Chrome tips

Use the Auto fill feature

Use the Chrome Autofill feature for automatically filling out any online form with common fields such as your name, e-mail, address, etc. To enter the Autofill values follow the steps below.

  1. Click on the “wrench” or “Menu” icon in the top right corner.
  2. Click Settings
  3. At the bottom of Settings, click Show advanced settings…
  4. Click Manage Autofill settings under Passwords and forms.
  5. In the Autofill settings window, click the Add new street address button.
  6. Fill out all address settings you want to be saved and click ok.
  7. Once complete try out your Autofill using the below form. To enter the values click on any of the below fields and select the name of your Autofill.

Bring up the Task Manager

Chrome has its own Task Manager —it shows you a list of all the open tabs and the background processes running in the browser at the moment, along with a number of system resources they’re using up. You’ll find the Task Manager most useful when you’re trying to troubleshoot problems with the browser, and you can quickly close down a tab or process by highlighting it and clicking End Process. To Open Task Manager, Press Shift + Esc or “Menu”  icon in the top right corner, click More Tools, and then Task Manager. If you want to get real geeky click the stats for nerds click at the bottom of the Task Manager.

Learn more about the sites you visit

You may not have given much thought to the little icon to the left of the Omnibox address bar, which can look like a padlock or a blank sheet of paper depending on the site you’re currently visiting. If you click once on it, you can see a wealth of information about the page you’re on, including its security credentials, the origin of the site, the permissions you’ve previously granted it (like fullscreen mode) and the existing cookies stored by the site.

Pin Your Frequently Used Tabs

Pin your favorite tabs to save space on your tab bar without losing quick access to your favorite pages. In the above picture, you can see we have five pinned tabs, which would have normally consumed our tab bar. To Pin, a tab right-click on any open tab and click Pin Tab. To unpin it, right-click on pinned tab and click Unpin Tab.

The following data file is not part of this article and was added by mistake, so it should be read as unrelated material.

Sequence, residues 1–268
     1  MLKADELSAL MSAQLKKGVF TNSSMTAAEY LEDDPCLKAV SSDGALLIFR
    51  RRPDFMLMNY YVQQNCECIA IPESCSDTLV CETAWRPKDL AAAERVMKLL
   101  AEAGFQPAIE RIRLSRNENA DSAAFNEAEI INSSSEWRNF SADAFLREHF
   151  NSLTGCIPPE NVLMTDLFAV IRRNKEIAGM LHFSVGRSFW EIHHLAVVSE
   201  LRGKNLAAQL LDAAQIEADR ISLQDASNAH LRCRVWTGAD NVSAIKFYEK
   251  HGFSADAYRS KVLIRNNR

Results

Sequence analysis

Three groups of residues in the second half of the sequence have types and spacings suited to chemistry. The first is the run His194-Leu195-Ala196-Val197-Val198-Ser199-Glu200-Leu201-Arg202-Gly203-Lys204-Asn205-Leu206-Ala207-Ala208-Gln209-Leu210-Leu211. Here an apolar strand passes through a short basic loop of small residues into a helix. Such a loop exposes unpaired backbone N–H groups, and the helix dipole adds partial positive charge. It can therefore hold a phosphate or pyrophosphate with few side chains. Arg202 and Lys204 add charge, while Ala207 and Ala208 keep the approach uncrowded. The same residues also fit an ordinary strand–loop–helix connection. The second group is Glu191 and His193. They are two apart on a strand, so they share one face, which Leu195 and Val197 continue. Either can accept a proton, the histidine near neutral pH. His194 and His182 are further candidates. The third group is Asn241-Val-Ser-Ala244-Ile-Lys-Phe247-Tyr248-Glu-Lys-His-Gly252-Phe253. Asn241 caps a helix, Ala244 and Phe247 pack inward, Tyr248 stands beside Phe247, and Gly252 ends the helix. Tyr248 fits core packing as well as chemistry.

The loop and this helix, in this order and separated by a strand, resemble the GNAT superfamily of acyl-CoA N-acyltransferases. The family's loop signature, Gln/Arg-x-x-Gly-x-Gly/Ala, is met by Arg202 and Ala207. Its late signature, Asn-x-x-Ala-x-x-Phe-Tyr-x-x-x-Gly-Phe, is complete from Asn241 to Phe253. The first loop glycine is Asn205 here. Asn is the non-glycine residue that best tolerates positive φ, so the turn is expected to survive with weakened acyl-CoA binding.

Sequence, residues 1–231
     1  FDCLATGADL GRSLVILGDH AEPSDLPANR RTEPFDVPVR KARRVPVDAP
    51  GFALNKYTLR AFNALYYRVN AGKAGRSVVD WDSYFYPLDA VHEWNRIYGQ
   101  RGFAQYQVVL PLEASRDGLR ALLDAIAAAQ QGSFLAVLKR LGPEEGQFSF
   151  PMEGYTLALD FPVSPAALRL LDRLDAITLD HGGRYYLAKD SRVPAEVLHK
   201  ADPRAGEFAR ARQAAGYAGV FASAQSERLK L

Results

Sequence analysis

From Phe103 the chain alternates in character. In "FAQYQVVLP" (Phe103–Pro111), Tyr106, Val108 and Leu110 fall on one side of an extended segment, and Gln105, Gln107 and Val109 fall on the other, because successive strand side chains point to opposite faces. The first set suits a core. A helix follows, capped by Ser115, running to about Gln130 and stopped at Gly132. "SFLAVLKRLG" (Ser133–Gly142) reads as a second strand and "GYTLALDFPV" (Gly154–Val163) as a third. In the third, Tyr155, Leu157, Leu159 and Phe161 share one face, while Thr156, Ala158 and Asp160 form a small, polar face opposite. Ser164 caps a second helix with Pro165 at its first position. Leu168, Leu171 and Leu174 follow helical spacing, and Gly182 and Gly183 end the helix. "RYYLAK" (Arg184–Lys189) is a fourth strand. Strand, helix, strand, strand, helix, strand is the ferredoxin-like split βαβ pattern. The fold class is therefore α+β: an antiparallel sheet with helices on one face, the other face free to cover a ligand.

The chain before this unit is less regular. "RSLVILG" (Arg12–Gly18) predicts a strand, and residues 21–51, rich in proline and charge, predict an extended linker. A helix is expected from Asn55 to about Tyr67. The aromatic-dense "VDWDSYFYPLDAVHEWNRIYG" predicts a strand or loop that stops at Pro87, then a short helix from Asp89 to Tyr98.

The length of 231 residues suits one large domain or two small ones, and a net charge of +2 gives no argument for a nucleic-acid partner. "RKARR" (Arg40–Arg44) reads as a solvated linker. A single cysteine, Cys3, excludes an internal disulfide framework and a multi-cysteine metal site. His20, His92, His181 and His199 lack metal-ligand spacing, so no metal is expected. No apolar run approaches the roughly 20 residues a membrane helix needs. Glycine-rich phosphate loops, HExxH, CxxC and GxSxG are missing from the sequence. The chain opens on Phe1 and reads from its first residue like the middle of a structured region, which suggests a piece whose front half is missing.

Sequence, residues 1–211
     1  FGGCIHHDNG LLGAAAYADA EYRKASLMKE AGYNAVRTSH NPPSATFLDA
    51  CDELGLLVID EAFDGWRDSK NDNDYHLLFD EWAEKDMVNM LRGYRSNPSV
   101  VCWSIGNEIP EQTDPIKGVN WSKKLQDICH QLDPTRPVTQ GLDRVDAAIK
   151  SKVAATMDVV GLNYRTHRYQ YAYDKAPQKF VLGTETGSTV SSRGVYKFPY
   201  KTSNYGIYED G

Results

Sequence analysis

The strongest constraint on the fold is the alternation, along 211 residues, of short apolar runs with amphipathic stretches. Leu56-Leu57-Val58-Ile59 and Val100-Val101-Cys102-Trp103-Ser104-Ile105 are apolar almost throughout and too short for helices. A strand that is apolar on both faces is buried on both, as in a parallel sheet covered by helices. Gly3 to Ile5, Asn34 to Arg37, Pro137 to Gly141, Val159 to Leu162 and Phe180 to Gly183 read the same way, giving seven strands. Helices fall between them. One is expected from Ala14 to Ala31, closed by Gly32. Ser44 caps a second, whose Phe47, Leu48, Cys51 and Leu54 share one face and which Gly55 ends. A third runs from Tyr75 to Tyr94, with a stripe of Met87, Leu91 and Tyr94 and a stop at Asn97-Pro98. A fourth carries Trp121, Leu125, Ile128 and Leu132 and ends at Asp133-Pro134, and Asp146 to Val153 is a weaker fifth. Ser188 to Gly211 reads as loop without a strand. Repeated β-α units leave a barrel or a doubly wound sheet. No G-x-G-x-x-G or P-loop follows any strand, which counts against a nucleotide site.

Pinning Chrome Tabs

Another useful thing you can do with tabs is pin them. Pinning tabs means that whatever is shown on the tab when it is pinned will automatically be loaded when you next open a new Chrome browser window. To pin a tab, right-click on it and select Pin Tab from the menu. Pinned tabs appear smaller in the row than unpinned tabs. To unpin a tab, simply repeat the process and select Unpin Tab from the menu.

Favicon Bookmarks Bar

My super-minimal, very colorful favicon-only bookmarks bar often attracts a lot of questions, typically “what extension do you use to do that?” No extensions, but a really easy “hack” — one that even pre-dates Chrome! More than just look good. By reducing links to my favorite sites to their website icons I can have more of them on show and at hand. To make the Chrome Bookmarks Bar show only website icons:

  • Right-click on a bookmark bar item
  • Select ‘edit’
  • Delete the text in the ‘name’ box
  • Hit ‘save’ It’s that simple. No extensions or add-ons needed. Repeat the process until all of the sites/services you want to minify are.

Use Chrome App Launcher to Open Apps By Voice

Google’s Launcher also has built-in voice search capabilities (which can even be set to “always listening” in the latest developer builds). Aside from barking random search terms at your device you can also launch apps installed on your Chromebook by saying their name: So, for example, saying “Ok, Google – Wunderlist” will launch Wunderlist (assuming it is installed). For what it’s worth you don’t even need to say the entire word. For example “cal” would launch any shortcut, website or app result that matches. Ok Google — that’s neat!

Use Chrome App Launcher as a Unit Convertor

Are the sums you’re making of the measurable variety? If so, you can perform on-the-fly conversions in the launcher too. Just express your query as“{num} {original unit} in {needed unit}” and the result will appear . Supported/example conversations include grams to kilograms, millilitres to tablespoon, miles to km, meters, cm, mm, inches… and so on.

Zoom all the pages

Zooming in and out of websites is not always an option with mobile-optimized pages. This can be an issue if you are dealing with a badly designed website, want to look at something up close, or have vision problems. Chrome for Android makes it possible to force zooming on all pages which prevent this action. Follow these steps and zoom to your heart’s content.

  • Open Chrome.
  • Tap on the 3-dot menu button on the top-right corner.
  • Select Settings.
  • Select Accessibility.
  • Check the Force enable zoom box.

Interact with emails, phone numbers, and addresses you see online

It’s annoying to copy and paste emails, phone numbers, and addresses to use them in other apps. Safari for iOS turns them into links for reaching out to people or navigating. While Chrome for Android still doesn’t have this nifty feature, there is something similar that beats copying and pasting. When you see a phone number, email, or address, simply long press it. A floating bar with options will appear. The first one will give you the option to use this information with Gmail, the Phone app, or Google Maps.

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